Tyler and Jack form Fight Club in the bar basement. In the Fight Club, alienated modern males, both blue and white collar, get in touch with their inner manhood by brutal bare-knuckle boxing brawls that leave them scarred but much happier than they were before. The club has several very important rules: (1) do not talk about Fight Club, (2) do not talk about Fight Club, (3) one man fights only one other, (4) one fight at a time, and (5) if its your first time here, you fight.

Jack begins showing up at work with a bruised and battered face, as do the other members as they casually nod to each other as they pass each other in the real world. "Is that your blood on your shirt?" asks Jack’s manager. "Some of it," Jack responds. He soon is told to shape up if he wants to keep his job. Jack responds in one of the most hilarious episodes in the film by punching himself in the face, throwing himself through the glass coffee table and shelves yelling "please don’t! No. Stop!," and bleeding over his manager’s hands as security enters the room, "Thank God," Jack retorts. He gets to keep his weekly paycheck as long as he doesn’t come into the office. As Jack puts it, "Fight Club now has a corporate sponsor."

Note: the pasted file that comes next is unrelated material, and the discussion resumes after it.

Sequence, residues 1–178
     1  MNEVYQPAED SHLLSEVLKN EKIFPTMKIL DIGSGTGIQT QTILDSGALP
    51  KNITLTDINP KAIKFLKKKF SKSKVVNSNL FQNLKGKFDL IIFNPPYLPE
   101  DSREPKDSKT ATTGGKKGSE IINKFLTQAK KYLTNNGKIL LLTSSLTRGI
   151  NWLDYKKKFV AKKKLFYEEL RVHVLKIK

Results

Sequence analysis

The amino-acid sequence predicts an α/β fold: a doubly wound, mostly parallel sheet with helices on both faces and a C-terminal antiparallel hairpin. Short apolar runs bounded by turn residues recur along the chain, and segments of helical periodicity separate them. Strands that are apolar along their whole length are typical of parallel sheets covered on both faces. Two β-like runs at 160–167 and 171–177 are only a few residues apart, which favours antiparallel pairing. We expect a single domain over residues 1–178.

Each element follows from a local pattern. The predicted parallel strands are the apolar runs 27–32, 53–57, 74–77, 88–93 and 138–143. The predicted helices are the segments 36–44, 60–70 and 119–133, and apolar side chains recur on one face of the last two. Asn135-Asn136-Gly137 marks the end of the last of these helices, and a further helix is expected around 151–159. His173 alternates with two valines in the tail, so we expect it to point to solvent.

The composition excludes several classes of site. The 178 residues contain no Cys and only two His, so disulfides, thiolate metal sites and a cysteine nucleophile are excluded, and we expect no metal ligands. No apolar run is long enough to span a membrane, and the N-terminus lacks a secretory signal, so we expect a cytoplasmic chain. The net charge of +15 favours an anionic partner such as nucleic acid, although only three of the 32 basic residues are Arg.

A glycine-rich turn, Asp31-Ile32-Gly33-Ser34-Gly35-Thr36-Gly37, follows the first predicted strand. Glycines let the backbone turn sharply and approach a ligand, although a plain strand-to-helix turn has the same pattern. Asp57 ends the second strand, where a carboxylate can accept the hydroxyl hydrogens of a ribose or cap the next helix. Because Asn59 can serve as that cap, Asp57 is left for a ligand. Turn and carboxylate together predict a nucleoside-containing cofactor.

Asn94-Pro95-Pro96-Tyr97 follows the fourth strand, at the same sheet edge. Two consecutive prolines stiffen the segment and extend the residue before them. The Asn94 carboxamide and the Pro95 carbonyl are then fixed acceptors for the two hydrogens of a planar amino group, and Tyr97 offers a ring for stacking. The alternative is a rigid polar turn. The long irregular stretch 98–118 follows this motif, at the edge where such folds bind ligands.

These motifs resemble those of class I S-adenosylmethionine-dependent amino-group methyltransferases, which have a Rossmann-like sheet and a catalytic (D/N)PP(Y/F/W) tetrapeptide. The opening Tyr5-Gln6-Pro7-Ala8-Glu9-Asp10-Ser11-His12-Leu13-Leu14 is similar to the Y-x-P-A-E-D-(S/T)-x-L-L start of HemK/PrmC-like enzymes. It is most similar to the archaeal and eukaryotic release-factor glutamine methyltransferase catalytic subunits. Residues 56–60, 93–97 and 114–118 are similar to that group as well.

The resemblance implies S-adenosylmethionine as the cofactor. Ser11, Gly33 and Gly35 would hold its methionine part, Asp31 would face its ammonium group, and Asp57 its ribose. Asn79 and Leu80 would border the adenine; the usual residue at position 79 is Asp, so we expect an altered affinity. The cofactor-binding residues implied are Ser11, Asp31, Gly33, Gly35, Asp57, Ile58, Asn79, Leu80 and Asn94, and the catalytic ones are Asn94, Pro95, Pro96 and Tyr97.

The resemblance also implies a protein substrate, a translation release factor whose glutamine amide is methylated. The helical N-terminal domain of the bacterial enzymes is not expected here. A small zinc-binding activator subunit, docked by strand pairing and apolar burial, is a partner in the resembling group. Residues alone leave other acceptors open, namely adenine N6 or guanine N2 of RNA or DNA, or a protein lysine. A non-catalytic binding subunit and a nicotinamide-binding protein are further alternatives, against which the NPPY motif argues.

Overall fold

Despite the first two rules of Fight Club, word spreads and soon chapters are forming all over the city and the country. But just fighting is not enough. Tyler soon begins handing out ‘homework assignments.’ The first being to pick a fight with a complete stranger and then lose. In a spiral of madness these homework assignments escalate. Tyler foments a crime and vandalism wave called ‘Project Mayhem,’ engaging in misinformation, criminal mischief (like trashing a trendy coffee bar and destroying corporate art) and a kind of "human sacrifice" that is the opposite of death. The club becomes an anarchist-nihilist cult army with Tyler as its general. There is a surprising but unfortunately a Hollywood semi-happy ending.